I blame my own questioning queerness on period pieces. Think “Sense and Sensibility,” “A Room With a View” and, of course, “Pride and Prejudice.” Growing up watching British-produced historical dramas, I was there for Mr. Darcy’s declaration of love to Elizabeth Bennet in that rainy pavilion (the 2005 Keira Knightley version, of course) and stood alongside Emma (Gwyneth Paltrow) as her wit got matched by each of her suitors. I have wept, wallowed and fallen into bouts of rage at the emotional turmoil experienced by the heroines of Jane Austen’s imagination, women who valued their own wit over external appearances.
I personally think of period pieces set in the regency age of upper class snobbery and derogatory class attitudes, the age where women had grandiose debutante coming-out parties. I think of ballrooms filled with white silks, taffetas, pearls and feathers, a blur of jovial expressions and light laughter, all set to the sound of string quartets. The time of courtship, delicate yet determined like a game of chess, the final prize being a partnership with one of better or equal social standing. Perhaps part of the appeal was hoping for a setting completely different to my own: a fantasy of frivolity, a sense of the senseless, a complete and utter guilty pleasure of mine to escape to for two hours at a time.
However, my obsession with period pieces meant that all my romantic emotional growth developed from witnessing heteronormative, cisgender relations unravel onscreen. There lies the fault. While I am indeed still attracted to the intricate mass of storylines and battle of wits from the ornery female characters, watching these heteronormative relations only countered my own sexual identity.
In my personal narrative, I no longer have a preference for the romantic partners that the film’s headstrong heroines are attracted to — I rather prefer the heroines themselves.
And yet, it is always male characters who are romanticized.
Whenever Mr. Darcy or Mr. Knightley steps into the frame, light piano always seems to play while sunlight streams through a window and hits their porcelain cheekbones like that of marble statues. I now find myself falling in love with the idea of falling in love as the female leads do, except for a partner of a different gender identity.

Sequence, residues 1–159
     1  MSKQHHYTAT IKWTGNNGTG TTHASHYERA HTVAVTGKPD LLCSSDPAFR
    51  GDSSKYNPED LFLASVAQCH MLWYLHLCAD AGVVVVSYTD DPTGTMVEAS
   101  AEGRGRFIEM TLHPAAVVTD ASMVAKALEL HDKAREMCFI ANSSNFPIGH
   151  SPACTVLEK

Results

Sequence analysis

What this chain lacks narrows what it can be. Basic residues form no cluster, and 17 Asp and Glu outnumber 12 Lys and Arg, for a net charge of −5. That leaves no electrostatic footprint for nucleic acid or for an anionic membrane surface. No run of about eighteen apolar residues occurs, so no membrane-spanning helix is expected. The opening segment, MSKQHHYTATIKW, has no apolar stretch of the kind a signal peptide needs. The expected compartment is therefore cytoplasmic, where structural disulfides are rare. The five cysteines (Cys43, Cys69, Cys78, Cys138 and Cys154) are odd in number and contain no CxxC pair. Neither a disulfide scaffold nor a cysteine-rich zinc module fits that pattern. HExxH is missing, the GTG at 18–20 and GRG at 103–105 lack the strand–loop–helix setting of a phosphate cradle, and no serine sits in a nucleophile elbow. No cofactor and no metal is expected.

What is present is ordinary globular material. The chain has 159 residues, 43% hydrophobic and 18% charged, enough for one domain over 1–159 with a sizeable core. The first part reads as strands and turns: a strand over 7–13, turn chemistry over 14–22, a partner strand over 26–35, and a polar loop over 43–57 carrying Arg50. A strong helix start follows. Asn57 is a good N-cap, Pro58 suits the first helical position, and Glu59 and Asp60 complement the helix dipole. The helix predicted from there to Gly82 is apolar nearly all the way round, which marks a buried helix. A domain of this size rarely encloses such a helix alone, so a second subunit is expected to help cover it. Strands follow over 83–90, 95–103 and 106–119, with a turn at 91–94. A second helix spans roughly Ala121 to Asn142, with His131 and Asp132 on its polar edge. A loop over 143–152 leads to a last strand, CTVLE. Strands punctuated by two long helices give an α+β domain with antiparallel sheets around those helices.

But I do have to hand it to period pieces for capturing the female gaze in a manner unbeknownst to other genres. While I am left wishing the camera would picture the heroines in the same light as their male counterparts, we the viewers are taking on the gaze of the female heroine. And in the actual relationship itself, it is often the women who take command and set the cadence of the partnership — something I can hold onto as aspirational to have in my own life.
Alongside the abject straightness of period pieces is the complete whitewashing of history. Black and non-Black people of color were always present in Victorian, Georgian and Edwardian societies, even in the higher echelons that period pieces depict, and yet the British Film Institute of Research found that 80% of U.K. period dramas made between 2006 and 2016 had no Black actors involved. The whiteness of period pieces presents another problematic challenge to my own narrative; as I stand as a white-presenting woman of color, the on-screen romances speak to only one facet of my identity. As my race has, and will continue to, factor heavily into my romantic relationships, period pieces further distance myself from my reality.
The racialization of period pieces only leaves room for white actors to bring normative narratives to life. If these works are still to be widely received by the mainstream audience, they shouldn’t have to rely on bringing in Hollywood legends to maintain interest. Historical dramas have the opportunity to lay the groundwork for a story rich in dialogue, with massive insight into a character’s own development.
Perhaps this is why I am now drawn to works such as Céline Sciamma’s “Portrait of a Lady on Fire” or Hulu’s new series “The Great.” Through their alternative takes on period pieces, either with a queer lens or colorblind casting, these works design a more accurate desire for my own sexuality and identity, while still offering the elements of a period piece romance I crave.
It is the smallest of romantic gestures that invoke the largest emotional turmoil within a character, set to the sound of steaming orchestral strings. This is what I yearn for: The gracing of a hand, the glance across a crowded room to be the kindling that feeds the fire of a relationship. It can be done, to produce a film rich in content that encapsulates the escapism of a period piece, while being grounded in a love story to fit all manners of non-normative, queer relationships. I will just have to patiently wait for the film industry to realize this too.